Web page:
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Sleep Walking

By: Wendy Jacob - Updated: 20 Aug 2012 | comments*Discuss
 
Sleepwalking Sleeptalking Parasomnias

The more dramatic examples of Sleepwalking can be seen in the news. Sleepwalkers are able to perform complex movements and have been known to drive, talk, urinate and act out dreams which they are unable to control. In extreme cases they may be involved in falls, accidents, fights or other incidents.

Deep Sleep

Sleepwalking (somnambulism) happens during deep sleep. It is rare in adults and more common in children. More boys than girls are affected and there is a connection between Sleepwalking and Night Terrors. Children may sleepwalk after waking from a nightmare, scream, and even try to leave the house or hide. They may urinate in a cupboard or other inappropriate place and fight or argue with anyone who attempts to wake them or guide them back to bed.

In adults, the condition is rarer. Adult sleepwalkers may leave the house, drive or perform other functions. They may fight with their partner or any person who tries to help. There have been cases where sleepwalkers have blamed their condition for involvement in violence or other misdemeanors.

Sleepwalking is more likely to occur during the first part of the night. It involves incomplete arousal out of deep sleep. Sleepwalkers are able to manoeuvre and perform complex actions, but will have little recall of what they have done. Observers may be surprised that they are sleepwalking as they may appear to be decisive and determined, and even fight off anyone who tries to interfere.

There is some evidence that Sleepwalking and other parasomnias such as Sleeptalking (somniloquy) and Night Terrors run in families. Children usually grow out of these naturally, but they can continue into adolescence and beyond. Although rare, they may persist into adulthood or even present for the first time after a trauma or during a stressful time.

Sleep Walking and Safety

Experts differ over whether sleepwalkers should be woken or not. Some advise gently guiding the walker back to bed and others suggest waking them first. The right course of action may depend on the individual and their response. A small child may be easily guided back to bed and may have no recollection of their behaviour in the morning. An adult may be argumentative and refuse to cooperate and need to be woken.

As sleepwalkers have no awareness of what they are doing the main concern is safety. Children should avoid bunk beds and parents should make use of stair gates and other protection. An adult sleepwalker may be harder to protect but by using window and door locks, hiding door and car keys and making sensible precautions it may be possible to prevent accidents.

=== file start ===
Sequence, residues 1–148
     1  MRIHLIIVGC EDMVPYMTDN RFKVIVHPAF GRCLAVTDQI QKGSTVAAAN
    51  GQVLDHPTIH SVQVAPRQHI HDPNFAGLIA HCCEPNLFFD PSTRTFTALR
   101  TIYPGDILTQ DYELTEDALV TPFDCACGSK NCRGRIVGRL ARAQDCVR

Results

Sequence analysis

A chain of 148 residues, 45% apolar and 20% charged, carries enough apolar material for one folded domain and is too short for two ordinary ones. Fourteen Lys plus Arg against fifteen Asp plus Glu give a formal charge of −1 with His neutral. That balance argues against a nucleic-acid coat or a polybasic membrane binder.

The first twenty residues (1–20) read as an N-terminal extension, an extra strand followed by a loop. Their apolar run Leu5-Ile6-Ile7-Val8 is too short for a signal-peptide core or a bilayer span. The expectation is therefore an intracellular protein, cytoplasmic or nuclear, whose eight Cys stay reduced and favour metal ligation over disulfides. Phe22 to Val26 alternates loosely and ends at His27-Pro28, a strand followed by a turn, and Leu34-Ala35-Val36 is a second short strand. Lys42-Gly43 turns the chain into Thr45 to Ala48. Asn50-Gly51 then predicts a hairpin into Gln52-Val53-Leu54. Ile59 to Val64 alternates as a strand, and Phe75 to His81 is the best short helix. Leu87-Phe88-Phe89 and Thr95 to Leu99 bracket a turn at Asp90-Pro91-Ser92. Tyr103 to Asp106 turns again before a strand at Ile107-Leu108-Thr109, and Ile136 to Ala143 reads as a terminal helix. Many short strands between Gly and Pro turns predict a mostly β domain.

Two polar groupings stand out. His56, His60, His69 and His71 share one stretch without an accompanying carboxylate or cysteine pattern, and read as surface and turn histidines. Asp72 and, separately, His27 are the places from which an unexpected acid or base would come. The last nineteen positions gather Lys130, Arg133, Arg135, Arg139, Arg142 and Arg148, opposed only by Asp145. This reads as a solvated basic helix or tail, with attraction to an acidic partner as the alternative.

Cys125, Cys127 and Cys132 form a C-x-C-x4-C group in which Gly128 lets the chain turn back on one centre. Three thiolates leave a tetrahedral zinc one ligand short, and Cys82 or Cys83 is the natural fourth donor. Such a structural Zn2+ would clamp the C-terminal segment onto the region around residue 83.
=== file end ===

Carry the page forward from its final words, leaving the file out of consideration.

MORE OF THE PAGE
Understanding Causes

There is no clear reason why children sleepwalk and many grow out of it with no lasting harm. Adults may have a history of the problem and it may reoccur during periods of stress or sleep deprivation. Many people are unaware of how stress and not getting enough sleep can affect their behaviour. They may look for other causes and become more anxious and believe there are more serious causes for the problem. In many cases an understanding of the condition and reassurance is enough to resolve the problem.

Sleep Deprivation and Alcohol may also be factors in adult Sleepwalking. Both affect the amount of time spent in deep sleep and REM sleep. Spending more time in deep sleep may be a trigger for the condition.

Less Walking, More Sleeping

Most children grow out of sleepwalking. Apart from keeping them safe, they should be reassured and educated about their condition. Care should be taken when sleeping away from home as they may be at risk in unfamiliar surroundings. Parents should make sure that they have sufficient sleep and that any other stressors in their life are discussed and resolved. Other children should be helped to understand what is happening and parents should try not to become too anxious.

Adults should make sure they have enough sleep and deal with any other stresses in their life. Alcohol and other stimulants should be avoided. It is advisable to discuss issues with partners and other friends and family who might need to be involved. Learning how to relax and adopting behaviours that will help improve sleep quality is also helpful.

Care should be taken when travelling or staying in unfamiliar places. Partners may find it difficult to cope especially if the sleeper is aggressive. It is advisable to see a GP if sleepwalking persists or causing distress as they will be able to advise on medication and other therapies that will help improve sleep.

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